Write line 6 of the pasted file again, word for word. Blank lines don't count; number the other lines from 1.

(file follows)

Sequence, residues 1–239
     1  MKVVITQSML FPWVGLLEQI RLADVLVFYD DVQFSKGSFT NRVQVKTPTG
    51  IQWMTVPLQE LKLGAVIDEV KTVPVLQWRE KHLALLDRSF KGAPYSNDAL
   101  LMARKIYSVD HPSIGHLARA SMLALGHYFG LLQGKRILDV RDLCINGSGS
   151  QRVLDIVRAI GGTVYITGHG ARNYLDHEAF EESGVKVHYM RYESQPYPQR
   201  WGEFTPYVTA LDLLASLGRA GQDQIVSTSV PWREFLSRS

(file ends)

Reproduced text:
   201  WGEFTPYVTA LDLLASLGRA GQDQIVSTSV PWREFLSRS